Article  CAS  Google Scholar 

  25. Wilson, A. Tables of interatomic distances and configuration in molecules and ions. Acta Cryst. 12, 174 (1959).

    Google Scholar 

  26. Li, M. et al. Recent progress on electrocatalyst and photocatalyst design for nitrogen reduction. Small Methods 3, 1800388 (2019).

    Article  Google Scholar 

  27. Hirakawa, H., Hashimoto, M., Shiraishi, Y. & Hirai, T. Photocatalytic conversion of nitrogen to ammonia with water on surface oxygen vacancies of titanium dioxide. J. Am. Chem. Soc. 139, 10929–10936 (2017).

    Article  CAS  Google Scholar 

  28. Ashida, Y., Arashiba, K., Nakajima, K. & Nishibayashi, Y. Molybdenum-catalysed ammonia production with samarium diiodide and alcohols or water. Nature 568, 536–540 (2019).

    Article  CAS  Google Scholar 

  29. Cui, P. et al. A multicentre-bonded [ZnI]8 cluster with cubic aromaticity. Nat. Commun. 6, 6331 (2015).

    Article  CAS  Google Scholar 

  30. Narayan, T. C., Miyakai, T., Seki, S. & Dincă, M. High charge mobility in a tetrathiafulvalene-based microporous metal–organic framework. J. Am. Chem. Soc. 134, 12932–12935 (2012).

    Article  CAS  Google Scholar 

  31. Su, J. et al. High electrical conductivity in a 2D MOF with intrinsic superprotonic conduction and interfacial pseudo-capacitance. Matter 2, 711–722 (2020).

    Article  Google Scholar 

  32. Alves, H., Molinari, A. S., Xie, H. & Morpurgo, A. F. Metallic conduction at organic charge-transfer interfaces. Nat. Mater. 7, 574–580 (2008).

    Article  CAS  Google Scholar 

  33. Bhutto, S. M. & Holland, P. L. Dinitrogen activation and functionalization using β-diketiminate iron complexes. Eur. J. Inorg. Chem. 2019, 1861–1869 (2019).

    Article  CAS  Google Scholar 

  34. Grimme, S., Antony, J., Ehrlich, S. & Krieg, H. A consistent and accurate ab initio parametrization of density functional dispersion correction (DFT-D) for the 94 elements H-Pu. J. Chem. Phys. 132, 154104 (2010).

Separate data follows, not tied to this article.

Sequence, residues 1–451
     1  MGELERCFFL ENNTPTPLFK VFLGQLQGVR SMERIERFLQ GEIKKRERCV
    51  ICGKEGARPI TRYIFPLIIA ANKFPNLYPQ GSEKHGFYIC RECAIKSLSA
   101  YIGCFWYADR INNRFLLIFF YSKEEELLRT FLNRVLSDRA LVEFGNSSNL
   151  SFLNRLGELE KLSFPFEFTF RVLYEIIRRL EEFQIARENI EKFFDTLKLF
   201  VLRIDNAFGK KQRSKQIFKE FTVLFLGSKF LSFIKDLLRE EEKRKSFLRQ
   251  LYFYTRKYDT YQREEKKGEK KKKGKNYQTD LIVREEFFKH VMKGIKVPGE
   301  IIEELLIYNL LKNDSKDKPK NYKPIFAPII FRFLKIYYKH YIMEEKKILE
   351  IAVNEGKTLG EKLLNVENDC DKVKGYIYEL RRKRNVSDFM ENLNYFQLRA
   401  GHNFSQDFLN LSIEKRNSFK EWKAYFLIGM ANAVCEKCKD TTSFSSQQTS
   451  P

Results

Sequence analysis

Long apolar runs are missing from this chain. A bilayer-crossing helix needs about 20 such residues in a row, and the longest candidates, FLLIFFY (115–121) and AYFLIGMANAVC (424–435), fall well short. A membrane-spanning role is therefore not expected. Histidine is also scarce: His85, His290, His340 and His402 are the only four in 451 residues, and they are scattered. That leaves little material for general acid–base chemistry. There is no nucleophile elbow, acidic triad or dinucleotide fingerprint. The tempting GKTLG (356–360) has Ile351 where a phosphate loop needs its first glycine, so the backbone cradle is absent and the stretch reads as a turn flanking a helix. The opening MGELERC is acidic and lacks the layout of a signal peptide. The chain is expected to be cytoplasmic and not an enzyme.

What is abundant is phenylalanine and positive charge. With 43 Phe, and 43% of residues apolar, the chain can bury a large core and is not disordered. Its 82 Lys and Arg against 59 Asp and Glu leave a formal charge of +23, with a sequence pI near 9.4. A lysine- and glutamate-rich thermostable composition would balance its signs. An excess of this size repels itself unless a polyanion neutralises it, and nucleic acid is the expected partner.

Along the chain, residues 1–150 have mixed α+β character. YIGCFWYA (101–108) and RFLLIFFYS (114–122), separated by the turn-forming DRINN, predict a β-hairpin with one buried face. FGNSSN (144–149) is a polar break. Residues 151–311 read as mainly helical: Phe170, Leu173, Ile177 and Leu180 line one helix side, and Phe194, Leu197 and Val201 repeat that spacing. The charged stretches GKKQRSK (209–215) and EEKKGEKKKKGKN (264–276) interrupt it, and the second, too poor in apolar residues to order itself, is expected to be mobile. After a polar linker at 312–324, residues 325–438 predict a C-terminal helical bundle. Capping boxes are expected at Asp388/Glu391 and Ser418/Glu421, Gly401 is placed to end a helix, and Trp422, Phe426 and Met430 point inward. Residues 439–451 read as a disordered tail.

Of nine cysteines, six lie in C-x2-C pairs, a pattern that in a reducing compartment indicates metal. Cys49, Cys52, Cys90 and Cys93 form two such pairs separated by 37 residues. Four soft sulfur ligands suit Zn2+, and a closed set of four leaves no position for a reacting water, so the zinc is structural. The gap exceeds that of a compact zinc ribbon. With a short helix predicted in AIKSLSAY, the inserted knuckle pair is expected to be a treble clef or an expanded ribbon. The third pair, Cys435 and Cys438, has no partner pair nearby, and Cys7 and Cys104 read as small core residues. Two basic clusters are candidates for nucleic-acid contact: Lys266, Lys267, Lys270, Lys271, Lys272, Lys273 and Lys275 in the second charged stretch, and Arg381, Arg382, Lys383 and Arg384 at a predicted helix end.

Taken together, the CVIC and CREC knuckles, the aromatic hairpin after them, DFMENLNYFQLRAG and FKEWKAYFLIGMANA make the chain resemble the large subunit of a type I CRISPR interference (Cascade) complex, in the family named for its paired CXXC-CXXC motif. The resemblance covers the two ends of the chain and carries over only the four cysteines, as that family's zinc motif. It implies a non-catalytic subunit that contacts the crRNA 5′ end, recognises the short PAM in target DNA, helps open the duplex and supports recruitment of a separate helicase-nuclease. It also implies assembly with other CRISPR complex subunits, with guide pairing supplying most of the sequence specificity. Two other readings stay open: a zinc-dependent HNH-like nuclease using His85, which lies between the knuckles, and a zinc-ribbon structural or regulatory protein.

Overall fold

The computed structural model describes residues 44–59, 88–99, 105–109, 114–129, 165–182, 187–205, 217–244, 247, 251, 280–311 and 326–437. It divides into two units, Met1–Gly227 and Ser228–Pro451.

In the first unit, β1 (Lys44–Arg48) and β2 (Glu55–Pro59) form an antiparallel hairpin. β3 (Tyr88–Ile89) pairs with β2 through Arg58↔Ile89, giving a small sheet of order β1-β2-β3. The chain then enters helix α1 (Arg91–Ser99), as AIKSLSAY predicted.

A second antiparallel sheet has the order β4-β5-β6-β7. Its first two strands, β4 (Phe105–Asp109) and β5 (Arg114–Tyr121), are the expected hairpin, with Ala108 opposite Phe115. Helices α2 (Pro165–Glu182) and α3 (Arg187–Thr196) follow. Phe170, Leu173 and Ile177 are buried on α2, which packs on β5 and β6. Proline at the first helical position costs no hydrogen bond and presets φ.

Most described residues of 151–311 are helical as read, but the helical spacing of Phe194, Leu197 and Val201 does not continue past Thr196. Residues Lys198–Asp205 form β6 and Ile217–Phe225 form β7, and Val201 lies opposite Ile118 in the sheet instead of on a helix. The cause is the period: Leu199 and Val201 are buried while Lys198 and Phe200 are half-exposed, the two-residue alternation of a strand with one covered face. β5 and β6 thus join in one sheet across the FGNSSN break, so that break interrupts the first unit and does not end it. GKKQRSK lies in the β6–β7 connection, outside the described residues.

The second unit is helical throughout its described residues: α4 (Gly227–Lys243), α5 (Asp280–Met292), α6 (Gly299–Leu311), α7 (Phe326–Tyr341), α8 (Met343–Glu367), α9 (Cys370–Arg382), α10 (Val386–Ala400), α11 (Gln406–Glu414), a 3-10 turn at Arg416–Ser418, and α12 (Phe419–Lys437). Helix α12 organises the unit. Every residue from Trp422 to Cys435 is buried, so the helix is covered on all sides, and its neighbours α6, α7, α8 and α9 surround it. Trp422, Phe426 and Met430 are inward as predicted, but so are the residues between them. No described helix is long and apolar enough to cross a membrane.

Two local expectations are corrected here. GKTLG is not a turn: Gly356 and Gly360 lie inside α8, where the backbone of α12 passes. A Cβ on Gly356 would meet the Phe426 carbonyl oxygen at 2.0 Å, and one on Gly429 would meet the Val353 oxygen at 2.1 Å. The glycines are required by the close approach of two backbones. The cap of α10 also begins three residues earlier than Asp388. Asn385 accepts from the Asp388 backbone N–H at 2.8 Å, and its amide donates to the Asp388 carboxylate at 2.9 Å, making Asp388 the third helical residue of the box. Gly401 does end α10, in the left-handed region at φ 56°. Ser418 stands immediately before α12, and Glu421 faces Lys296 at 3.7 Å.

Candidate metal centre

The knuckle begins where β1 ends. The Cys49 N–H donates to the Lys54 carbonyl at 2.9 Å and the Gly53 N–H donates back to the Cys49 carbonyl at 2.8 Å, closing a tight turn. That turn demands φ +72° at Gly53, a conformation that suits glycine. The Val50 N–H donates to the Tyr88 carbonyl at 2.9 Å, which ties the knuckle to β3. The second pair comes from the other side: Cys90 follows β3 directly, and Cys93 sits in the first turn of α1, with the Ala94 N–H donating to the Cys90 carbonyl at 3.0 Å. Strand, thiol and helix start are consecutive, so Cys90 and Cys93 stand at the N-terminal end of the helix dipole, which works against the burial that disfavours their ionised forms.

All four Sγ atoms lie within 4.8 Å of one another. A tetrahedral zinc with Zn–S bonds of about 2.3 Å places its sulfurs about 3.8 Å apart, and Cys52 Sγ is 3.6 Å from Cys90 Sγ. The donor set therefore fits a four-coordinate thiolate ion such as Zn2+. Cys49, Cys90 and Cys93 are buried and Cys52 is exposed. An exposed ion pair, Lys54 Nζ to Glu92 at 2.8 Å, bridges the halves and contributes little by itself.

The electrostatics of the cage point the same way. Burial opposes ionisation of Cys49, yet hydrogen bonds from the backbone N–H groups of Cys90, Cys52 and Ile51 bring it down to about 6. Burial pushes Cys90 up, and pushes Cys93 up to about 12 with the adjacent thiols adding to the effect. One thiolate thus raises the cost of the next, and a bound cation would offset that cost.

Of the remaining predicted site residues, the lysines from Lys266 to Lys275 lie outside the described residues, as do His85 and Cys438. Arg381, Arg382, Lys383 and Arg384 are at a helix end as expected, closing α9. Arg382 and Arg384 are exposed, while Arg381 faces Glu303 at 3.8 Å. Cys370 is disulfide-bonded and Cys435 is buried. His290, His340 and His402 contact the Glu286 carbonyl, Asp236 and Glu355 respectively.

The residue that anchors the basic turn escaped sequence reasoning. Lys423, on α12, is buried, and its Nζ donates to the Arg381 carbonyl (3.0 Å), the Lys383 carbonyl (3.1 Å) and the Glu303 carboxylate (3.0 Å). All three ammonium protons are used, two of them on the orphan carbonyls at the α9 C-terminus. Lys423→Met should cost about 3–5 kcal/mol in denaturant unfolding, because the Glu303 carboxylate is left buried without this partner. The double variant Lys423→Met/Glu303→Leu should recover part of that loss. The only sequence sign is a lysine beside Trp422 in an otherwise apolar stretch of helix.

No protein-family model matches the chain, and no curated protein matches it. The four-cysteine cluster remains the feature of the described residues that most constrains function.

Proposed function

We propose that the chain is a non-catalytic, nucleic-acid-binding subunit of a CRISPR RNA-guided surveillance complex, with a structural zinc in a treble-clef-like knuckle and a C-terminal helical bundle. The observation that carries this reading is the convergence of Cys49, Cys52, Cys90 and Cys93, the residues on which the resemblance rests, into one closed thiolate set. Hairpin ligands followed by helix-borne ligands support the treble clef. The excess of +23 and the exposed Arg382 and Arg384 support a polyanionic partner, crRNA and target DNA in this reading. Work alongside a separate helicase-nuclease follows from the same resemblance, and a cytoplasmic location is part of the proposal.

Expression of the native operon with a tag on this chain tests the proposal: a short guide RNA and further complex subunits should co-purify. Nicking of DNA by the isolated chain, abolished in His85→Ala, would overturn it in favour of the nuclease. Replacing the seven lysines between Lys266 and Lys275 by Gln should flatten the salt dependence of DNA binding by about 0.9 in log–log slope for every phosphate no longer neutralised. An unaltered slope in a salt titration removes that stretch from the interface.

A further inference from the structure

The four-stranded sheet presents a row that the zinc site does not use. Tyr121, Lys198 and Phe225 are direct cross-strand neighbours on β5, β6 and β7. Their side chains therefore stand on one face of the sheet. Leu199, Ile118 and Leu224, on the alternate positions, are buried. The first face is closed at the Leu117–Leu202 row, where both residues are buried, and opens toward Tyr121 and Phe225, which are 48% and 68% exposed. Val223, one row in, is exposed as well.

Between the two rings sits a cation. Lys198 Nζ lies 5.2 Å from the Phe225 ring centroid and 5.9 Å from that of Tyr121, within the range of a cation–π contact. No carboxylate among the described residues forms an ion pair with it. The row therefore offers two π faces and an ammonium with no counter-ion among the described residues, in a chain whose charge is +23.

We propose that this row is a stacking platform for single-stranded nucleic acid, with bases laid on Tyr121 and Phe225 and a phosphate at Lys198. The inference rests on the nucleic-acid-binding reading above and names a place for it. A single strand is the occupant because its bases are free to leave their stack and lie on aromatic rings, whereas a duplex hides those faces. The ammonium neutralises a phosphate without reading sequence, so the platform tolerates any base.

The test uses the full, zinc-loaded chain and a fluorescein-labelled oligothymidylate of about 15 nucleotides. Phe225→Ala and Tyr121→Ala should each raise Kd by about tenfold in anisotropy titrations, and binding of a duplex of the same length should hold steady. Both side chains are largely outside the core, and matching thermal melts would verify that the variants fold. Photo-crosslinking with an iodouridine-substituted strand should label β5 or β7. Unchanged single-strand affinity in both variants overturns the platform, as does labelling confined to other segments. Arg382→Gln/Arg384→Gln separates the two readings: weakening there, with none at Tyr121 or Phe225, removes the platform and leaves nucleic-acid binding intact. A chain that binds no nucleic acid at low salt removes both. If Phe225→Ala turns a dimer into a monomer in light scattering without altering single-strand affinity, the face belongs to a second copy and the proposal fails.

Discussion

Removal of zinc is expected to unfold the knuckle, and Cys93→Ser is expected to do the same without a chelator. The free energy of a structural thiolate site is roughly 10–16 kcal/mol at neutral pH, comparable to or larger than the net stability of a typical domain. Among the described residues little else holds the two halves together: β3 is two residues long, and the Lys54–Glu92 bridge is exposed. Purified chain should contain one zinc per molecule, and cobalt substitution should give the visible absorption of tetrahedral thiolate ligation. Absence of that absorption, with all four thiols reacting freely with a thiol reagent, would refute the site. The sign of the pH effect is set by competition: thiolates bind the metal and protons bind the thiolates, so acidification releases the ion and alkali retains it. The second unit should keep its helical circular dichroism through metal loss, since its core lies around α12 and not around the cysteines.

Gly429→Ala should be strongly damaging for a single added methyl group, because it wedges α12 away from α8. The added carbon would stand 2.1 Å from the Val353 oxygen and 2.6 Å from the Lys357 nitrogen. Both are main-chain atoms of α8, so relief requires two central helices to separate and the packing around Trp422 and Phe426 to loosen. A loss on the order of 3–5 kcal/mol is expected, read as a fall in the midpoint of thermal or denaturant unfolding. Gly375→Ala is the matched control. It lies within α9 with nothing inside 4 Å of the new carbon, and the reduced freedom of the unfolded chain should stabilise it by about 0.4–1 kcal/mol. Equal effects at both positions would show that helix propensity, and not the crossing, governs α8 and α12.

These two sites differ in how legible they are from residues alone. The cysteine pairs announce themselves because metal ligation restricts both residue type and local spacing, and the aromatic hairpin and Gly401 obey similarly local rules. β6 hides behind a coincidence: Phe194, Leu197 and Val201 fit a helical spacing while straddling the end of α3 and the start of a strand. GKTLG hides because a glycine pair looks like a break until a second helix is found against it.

Article  Google Scholar 

  35. Materials Studio v.7.0 (Accelrys, 2013).

  36. Nørskov, J. K. et al. Origin of the overpotential for oxygen reduction at a fuel-cell cathode. J. Phys. Chem. B 108, 17886–17892 (2004).

    Article  Google Scholar 

  37. Frisch, M. J. et al. Gaussian 16, revision A.03 (Gaussian Inc., 2016).

  38. Tomasi, J., Mennucci, B. & Cammi, R. Quantum mechanical continuum solvation models. Chem. Rev. 105, 2999–3094 (2005).

    Article  CAS  Google Scholar 

  39. Becke, A. D. Density-functional exchange-energy approximation with correct asymptotic behavior. Phys. Rev. A 38, 3098–3100 (1988).

    Article  CAS  Google Scholar 

  40. Perdew, J. P. Density-functional approximation for the correlation energy of the inhomogeneous electron gas. Phys. Rev. B 33, 8822–8824 (1986).

    Article  CAS  Google Scholar 

  41. Schäfer, A., Horn, H. & Ahlrichs, R. Fully optimized contracted Gaussian basis sets for atoms Li to Kr. J. Chem. Phys. 97, 2571–2577 (1992).

    Article  Google Scholar 

  42. Zhao, Y. & Truhlar, D. G. A new local density functional for main-group thermochemistry, transition metal bonding, thermochemical kinetics, and noncovalent interactions. J. Chem. Phys. 125, 194101 (2006).

    Article  Google Scholar 

  43. Weigend, F. & Ahlrichs, R. Balanced basis sets of split valence, triple zeta valence and quadruple zeta valence quality for H to Rn: Design and assessment of accuracy. Phys. Chem. Chem. Phys. 7, 3297–3305 (2005).

    Article  CAS  Google Scholar 

  44. Delley, B. From molecules to solids with the DMol3 approach. J. Chem. Phys. 113, 7756–7764 (2000).

    Article  CAS  Google Scholar